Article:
Whitehot Magazine

Artist thr33som3s - when painting meets blockchain baseball

Paul Reuschel. Courtesy of the artist.


Brooklyn-based thr33som3s — known to fans by this, the title of his blockchain baseball card league — might be a painter, but his real medium is behavior, empowered by the digital ledger.  

Sure he uses gouache to paint fantastical players with the flourish of authentic vintage baseball cards, but he’s not one of those artists who makes a series, throws it up on OpenSea, and calls it a day. The smart contracts behind thr33som3s’ interrelated collections are the connective tissue empowering viewers to activate his efforts. Most would call that utility, a battle cry for NFTs’ survival this whole crypto winter. Ever ahead of the curve, each of the many thousands of cards his collectors have acquired thus far all came equipped with utility from the start — destructive, constructive, or generative. Maybe related, he’s the third highest selling artist in the Tezos blockchain’s history.

thr33som3s’s imagination ran wild as a kid raised in desert isolation. The young, devoted baseball fan envisioned mascots as players, real giants and tigers running bases. Decades later, he found himself in possession of a second, equally extensive card collection. He began defacing piles of throwaway cards he’d accumulated with White Out and Sharpie — then experimented with gouache, minting works and building The Grotto, his collectors, meanwhile. The artworks’ world-building capabilities — the game — only just began materializing in 2021.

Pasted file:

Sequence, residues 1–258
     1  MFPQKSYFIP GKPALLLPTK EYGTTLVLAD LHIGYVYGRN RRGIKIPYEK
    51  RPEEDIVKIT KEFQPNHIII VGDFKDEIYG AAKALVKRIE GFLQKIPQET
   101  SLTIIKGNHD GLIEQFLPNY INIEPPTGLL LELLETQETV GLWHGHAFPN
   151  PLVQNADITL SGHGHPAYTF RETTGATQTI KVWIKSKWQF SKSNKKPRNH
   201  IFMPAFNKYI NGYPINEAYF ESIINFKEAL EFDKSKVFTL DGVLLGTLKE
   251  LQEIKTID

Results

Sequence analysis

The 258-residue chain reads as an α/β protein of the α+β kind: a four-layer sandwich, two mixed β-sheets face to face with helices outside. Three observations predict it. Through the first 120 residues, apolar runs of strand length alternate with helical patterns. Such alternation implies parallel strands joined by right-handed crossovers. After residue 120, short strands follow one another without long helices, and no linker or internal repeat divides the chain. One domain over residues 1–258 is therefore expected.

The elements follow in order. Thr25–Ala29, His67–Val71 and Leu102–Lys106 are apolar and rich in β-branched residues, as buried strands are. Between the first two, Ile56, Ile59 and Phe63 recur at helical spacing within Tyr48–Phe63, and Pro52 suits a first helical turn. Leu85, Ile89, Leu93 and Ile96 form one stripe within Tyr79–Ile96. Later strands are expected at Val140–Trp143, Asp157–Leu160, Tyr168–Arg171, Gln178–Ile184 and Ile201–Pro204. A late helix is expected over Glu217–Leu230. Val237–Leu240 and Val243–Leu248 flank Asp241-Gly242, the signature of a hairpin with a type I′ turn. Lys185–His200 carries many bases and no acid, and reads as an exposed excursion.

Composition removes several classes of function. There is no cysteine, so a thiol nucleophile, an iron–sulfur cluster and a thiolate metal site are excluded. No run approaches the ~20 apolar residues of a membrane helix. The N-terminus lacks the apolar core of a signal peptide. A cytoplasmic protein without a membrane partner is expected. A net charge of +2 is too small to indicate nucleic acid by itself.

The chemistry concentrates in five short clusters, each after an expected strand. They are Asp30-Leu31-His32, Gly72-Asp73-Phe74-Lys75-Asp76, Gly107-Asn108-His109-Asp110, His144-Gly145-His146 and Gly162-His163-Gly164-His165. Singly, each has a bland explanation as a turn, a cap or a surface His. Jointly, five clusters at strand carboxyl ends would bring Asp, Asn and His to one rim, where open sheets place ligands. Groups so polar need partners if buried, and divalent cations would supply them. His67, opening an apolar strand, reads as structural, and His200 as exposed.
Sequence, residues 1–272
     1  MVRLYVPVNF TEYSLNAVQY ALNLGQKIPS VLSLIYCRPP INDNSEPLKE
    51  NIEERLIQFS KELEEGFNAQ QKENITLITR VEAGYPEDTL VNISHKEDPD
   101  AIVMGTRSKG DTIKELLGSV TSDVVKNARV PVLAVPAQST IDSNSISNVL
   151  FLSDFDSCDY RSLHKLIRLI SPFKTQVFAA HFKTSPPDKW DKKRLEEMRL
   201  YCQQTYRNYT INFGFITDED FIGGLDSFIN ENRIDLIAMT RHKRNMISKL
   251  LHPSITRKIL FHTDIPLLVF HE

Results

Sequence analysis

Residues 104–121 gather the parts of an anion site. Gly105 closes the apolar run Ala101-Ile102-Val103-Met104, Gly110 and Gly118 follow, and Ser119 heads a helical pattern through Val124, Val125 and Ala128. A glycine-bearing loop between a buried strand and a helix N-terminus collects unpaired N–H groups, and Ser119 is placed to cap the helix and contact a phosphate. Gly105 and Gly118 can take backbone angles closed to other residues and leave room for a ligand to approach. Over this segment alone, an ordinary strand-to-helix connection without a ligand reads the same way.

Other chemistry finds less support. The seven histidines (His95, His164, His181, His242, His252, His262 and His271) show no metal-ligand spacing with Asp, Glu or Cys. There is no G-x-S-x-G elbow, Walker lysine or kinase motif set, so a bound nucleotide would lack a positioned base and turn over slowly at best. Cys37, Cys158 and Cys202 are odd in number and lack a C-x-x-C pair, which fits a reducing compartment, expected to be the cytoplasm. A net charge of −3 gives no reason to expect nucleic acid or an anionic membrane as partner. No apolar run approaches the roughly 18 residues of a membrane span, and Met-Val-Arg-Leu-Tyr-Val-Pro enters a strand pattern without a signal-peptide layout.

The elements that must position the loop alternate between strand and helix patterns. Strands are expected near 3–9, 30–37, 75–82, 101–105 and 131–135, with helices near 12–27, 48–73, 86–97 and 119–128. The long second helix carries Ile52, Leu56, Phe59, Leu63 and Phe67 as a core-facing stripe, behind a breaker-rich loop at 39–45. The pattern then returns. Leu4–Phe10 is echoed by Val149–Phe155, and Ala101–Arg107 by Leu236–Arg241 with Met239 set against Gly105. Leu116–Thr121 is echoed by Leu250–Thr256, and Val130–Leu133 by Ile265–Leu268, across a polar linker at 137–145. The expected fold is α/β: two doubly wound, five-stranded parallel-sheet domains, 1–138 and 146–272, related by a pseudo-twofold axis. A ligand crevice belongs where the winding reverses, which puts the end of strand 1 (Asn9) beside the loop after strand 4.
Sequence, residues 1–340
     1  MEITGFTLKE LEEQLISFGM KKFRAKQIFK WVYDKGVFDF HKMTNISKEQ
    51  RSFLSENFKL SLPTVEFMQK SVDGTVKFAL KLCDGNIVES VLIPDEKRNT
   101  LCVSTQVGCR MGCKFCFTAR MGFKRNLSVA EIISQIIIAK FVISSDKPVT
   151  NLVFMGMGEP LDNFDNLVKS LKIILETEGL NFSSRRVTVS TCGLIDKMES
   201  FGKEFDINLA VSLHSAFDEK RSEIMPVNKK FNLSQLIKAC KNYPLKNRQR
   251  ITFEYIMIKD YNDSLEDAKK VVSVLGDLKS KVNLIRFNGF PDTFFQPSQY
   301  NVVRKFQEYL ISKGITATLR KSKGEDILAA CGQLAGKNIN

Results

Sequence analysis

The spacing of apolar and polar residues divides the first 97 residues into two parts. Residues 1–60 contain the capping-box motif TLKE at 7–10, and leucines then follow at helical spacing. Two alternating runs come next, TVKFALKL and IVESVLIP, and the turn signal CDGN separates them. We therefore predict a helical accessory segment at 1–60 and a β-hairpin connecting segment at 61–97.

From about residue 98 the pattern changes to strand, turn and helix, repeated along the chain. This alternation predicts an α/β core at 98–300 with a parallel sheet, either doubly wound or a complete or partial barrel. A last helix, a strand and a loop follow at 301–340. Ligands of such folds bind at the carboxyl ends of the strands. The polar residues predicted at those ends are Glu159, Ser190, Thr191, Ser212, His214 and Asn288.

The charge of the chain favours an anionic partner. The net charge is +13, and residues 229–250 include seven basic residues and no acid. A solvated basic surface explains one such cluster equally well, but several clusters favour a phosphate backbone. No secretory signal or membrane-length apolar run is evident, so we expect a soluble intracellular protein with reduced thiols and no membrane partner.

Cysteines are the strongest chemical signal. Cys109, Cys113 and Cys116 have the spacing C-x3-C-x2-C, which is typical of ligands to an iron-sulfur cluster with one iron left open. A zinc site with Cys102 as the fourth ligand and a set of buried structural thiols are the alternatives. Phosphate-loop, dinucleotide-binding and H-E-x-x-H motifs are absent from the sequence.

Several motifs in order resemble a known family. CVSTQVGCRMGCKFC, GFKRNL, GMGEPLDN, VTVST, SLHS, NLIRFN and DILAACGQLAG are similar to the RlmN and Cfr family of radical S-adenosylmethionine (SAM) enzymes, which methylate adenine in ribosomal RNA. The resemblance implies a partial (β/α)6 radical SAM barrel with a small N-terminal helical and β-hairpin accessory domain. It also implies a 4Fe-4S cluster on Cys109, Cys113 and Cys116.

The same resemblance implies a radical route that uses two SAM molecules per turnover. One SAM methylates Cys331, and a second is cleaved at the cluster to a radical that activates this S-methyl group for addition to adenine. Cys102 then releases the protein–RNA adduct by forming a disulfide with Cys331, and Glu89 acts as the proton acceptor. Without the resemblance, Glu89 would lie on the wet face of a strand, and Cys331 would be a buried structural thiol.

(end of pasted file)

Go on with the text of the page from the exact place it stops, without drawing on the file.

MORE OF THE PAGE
So far, thr33som3s has debuted eight of the collection’s teams — with a baker’s dozen more to drop. The project technically started in 2018 with the introduction of his first team, ‘the Exes,’ featuring players named according to what got them dumped, like loving Jimmy Buffet. Some off-season drops are exceptions, but most cards feature a player, their name, their team, sometimes even their position and number. thr33som3s really got off the ground, though, in 2021, with ‘the NFTs’ depicting superstar artists birthed by Web3 like Beeple and DotPigeon as players. thr33som3s had a hunch the zeitgeist celebrities would assume he was lionizing them, then retweet his artworks to all their followers. That hunch proved true.

Cardinal to Scoutmasters. Courtesy of the artist.

They often do. Six months into learning how to paint richer landscapes and faces, thr33som3s watched a gouache tutorial to supplement his empirical education. “The first three things about ‘what not to do’ were what I was doing,” he said. “I never watched again, because this works for what I do. It's thicker — I use a lot less water. When I do use water, it's to remove and destroy.” Except for rare occasions, his paintings are ever-changing, as per terms of gameplay.